Holiday ‘CounterAttack’ road checks begin this weekend in B.C.

Holiday 'CounterAttack' road checks begin this weekend in B.C.
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Police in B.C. are starting the annual CounterAttack holiday campaign this weekend with road checks set up across the province.

Police, along with ICBC, are urging drivers to be responsible and plan a safe ride home.

“When you drink and drive, you not only risk your life but the lives of others on the road. We want everyone to enjoy a safe holiday season this year,” says Lindsay Matthews, ICBC’s vice-president of customer experience & public affairs.

“If your festivities include alcohol, please be responsible, plan ahead and leave your car at home. Use a designated driver, call a taxi or rideshare, take transit or use Operation Red Nose.

On average, 11 people are killed and 310 injured in 550 impaired driving-related crashes on Vancouver Island every year.

Across the province, impaired driving claims the lives of 64 people each year.

RELATED: Saanich Police and MADD Canada launch campaign promoting sober driving

“Driving impaired after drinking alcohol is dangerous and a crime. Unfortunately, there are still those willing to take a chance with their own lives, the lives of their passengers and the lives of other road users. If you have consumed alcohol – stay off our roads. If you instead choose to put yourself and others at risk, consider yourself warned: the police are out there with stepped-up enforcement,” says Mike Farnworth, the minister of public safety and solicitor general.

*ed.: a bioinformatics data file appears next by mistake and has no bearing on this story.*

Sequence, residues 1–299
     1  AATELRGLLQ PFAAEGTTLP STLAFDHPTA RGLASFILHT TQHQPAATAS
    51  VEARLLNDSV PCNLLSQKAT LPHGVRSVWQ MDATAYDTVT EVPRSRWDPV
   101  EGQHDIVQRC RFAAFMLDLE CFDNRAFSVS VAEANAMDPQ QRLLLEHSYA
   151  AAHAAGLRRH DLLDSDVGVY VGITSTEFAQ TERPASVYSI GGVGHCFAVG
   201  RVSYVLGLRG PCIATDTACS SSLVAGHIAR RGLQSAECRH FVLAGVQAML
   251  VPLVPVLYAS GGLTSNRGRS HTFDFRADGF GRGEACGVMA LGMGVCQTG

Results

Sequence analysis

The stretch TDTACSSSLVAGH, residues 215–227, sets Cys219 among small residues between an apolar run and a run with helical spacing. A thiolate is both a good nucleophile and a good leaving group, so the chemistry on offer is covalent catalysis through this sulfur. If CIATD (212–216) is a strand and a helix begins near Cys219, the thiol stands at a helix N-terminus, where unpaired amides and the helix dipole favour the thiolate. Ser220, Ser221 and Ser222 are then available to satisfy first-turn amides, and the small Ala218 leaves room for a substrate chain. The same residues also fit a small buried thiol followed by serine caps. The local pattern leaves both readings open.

Over the holiday season, police will be looking for impaired drivers at CounterAttack road checks set up throughout B.C.

Police will also be rewarding designated drivers at many of these roadchecks with coffee vouchers donated by McDonald’s.

“The annual December impaired driving campaign is an important initiative bringing public awareness to the dangers of impaired driving. This collaboration between the B.C. Association of Chiefs of Police members, the Province and ICBC emphasizes how effective partnerships are working to keep our highways and communities safe,” says Chief Constable Neil Dubord, chair of the B.C. Association of Chiefs of Police Traffic Safety Committee.

ICBC and police conduct two impaired driving education and enhanced enforcement campaigns every year to help create safer roads in B.C.


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